Make Mine A Double, Tasting Events

Pink Fizz [Make Mine a Double #45]

Although my favourite rosés are often Champagnes, my favourite Champagnes aren’t often rosés.  If you followed this then you will realise that it takes a very good pink fizz to get my recommendation – and here are TWO stunners I tasted chez Tindals earlier this year:

Champagne Gremillet Brut Rosé NV (12.0%, RRP €50.00 at Searsons)

Champagne Gremillet Brut Rose NV

Champagne Gremillet is situated in the Côte des Bar, the most southerly of Champagne’s subregions which lends itself to Pinot Noir dominated wines.  It was founded by Jean-Michel Gremillet in 1979, now joined by his children Anne and Jean-Christophe.  They have 33 hectares of their own vines, split 85% Pinot Noir and 15% Chardonnay, and purchase grapes from around 80 other growers each harvest.

This rosé is from their “entry level” range, if there is such a thing in Champagne.  As you’d expect it is Pinot dominant, with the blend being 70% Pinot Noir and 30% Chardonnay.  The colour comes from the addition of 10% red wine, and 20% of the total is from reserve wines of several prior vintages.  The blend spends at least 22 months on the lees and dosage is fairly standard at 9g/L. This is a lovely, soft rosé that is neither too acidic nor too sweet, but shows bright red and black fruit in a very approachable Champagne.  For the quality in the bottle this is a real bargain.

Champagne Henriot Brut Rosé NV (12.0%, RRP €80.00 at Searsons)

Champagne Henriot Brut Rose NV

Champagne Henriot are more than a Champagne house – they also own Bouchard Père et Fils (Côte de Beaune), William Fèvre (Chablis) and Villa Ponciago (Beaujolais).  Based in Reims, Henriot are known for their Chardonnay-dominant wines (their Blanc de Blancs is fantastic) mainly sourced from chalk soils.

The Brut Rosé is a blend of Montagne de Reims Pinot Noir (50%) and Meunier (10%) with the balance (40%) Chardonnay; around 12% of red wine is included.  70% of the grapes are from Grand or Premier Cru villages, and reserve wines make up 35% of the blend. Maturation on the lees is for three years with dosage at 9g/L or less.

The nose shows abundant lifted aromas of citrus and red fruits.  On the palate it is very gentle, perhaps not as immediate as the Gremillet, but instead elegance personified.  Juicy grapefruit and lemon are joined by fresh raspberries and strawberries – very delicious indeed!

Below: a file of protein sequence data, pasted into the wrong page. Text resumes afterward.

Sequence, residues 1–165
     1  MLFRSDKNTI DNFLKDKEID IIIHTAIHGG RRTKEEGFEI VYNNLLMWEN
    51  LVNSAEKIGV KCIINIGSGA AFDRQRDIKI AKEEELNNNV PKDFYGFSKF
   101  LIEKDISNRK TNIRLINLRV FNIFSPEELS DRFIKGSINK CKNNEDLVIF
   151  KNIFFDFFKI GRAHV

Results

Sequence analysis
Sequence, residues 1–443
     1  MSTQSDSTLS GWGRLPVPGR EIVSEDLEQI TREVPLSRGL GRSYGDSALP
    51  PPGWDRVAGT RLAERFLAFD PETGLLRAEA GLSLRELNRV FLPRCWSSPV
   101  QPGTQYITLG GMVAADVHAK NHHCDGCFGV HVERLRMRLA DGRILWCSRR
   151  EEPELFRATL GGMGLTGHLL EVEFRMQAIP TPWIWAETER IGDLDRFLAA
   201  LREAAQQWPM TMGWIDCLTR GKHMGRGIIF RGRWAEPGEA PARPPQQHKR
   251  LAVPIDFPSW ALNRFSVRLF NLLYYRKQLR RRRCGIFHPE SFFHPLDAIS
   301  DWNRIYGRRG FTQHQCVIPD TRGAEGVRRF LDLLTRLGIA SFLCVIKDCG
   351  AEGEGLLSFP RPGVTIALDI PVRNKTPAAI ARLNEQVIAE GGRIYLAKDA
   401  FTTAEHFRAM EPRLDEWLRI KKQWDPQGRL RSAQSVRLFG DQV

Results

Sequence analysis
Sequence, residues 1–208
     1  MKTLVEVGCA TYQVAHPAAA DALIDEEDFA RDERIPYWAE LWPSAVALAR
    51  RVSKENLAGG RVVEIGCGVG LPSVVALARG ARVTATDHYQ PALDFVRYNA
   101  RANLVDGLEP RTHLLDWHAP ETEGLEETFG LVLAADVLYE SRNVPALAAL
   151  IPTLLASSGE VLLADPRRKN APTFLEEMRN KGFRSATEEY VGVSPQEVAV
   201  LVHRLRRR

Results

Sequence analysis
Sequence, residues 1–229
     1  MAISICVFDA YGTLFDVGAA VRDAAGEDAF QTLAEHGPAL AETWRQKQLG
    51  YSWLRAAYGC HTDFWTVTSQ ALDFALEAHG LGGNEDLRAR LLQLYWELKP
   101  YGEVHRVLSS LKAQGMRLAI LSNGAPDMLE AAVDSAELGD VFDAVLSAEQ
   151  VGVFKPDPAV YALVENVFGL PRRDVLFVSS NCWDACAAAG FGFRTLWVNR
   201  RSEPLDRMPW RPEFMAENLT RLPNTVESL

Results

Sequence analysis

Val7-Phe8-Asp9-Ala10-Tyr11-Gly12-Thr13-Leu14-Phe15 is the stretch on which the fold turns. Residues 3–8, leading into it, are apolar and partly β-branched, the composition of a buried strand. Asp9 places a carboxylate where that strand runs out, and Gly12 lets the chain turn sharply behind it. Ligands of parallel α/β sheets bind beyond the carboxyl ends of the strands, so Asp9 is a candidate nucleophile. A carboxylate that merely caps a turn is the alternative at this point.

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Book Review

Root Cause by Steven Laine [Book Review]

Root Cause

Root Cause is a wine-themed thriller, a subcategory with meagre extant examples.  The title itself is just one of several wine-themed puns, as the main characters are in a race to find out what has led to the reappearance of phylloxera, an aphid which eats and eventually destroys the roots of vines.  Furthermore, the heroine of the tale is called Corvina which is an important grape in the Veneto (at least she wasn’t called Chardonnay!)

It has the requisite twists and turns* and changes of location for a thriller, somewhat akin to a Dan Brown novel, but with symbology replaced by wine references.

With zero expertise in symbology I find Brown’s asides interesting, but as someone with a reasonable amount of wine knowledge it’s difficult to place myself in the shoes of a reader who doesn’t have that background.  Is there too much side chat and exposition?  Or does wine make for an interesting theme?  I’d go for the latter option, but each reader must make their own determination.

In certain facets Root Cause is like a James Bond novel, moving from one glamourous or famous location to another: London, Chile, Canada, Dubai, South Africa, Hong Kong and Champagne are among the places visited.  In fact, Corvina’s employer – Universal Wines – is named as a nod to James Bond’s fictional employer Universal Exports.

Of course, as this is fiction there is no issue for our heroes in booking lots of international flights – and paying for them – at very short notice.  It does make me think that a lost, stolen or stopped credit card would have been sufficient to leave them stranded in a far-flung location!  But what would have been the fun in that?

And fun is the operative word, mainly from the interaction between the heroine Corvina and her sidekick Brian, plus some interesting characters they meet on their journey.  A few of them are flagged as potentially being important to the plot but ultimately they are minor diversions – the author keeps you engaged and guessing, two critical attributes for a thriller!

This book is unlikely to win any prizes for high literature, but it’s not trying to be that.  Whether you have an interest in wine or not (and if you’re reading this, you probably do) then it’s well worth a read!


Disclosure: I was sent an “uncorrected proof copy” to review, but opinions remain my own

* like a twisty-turny thing, per E. Blackadder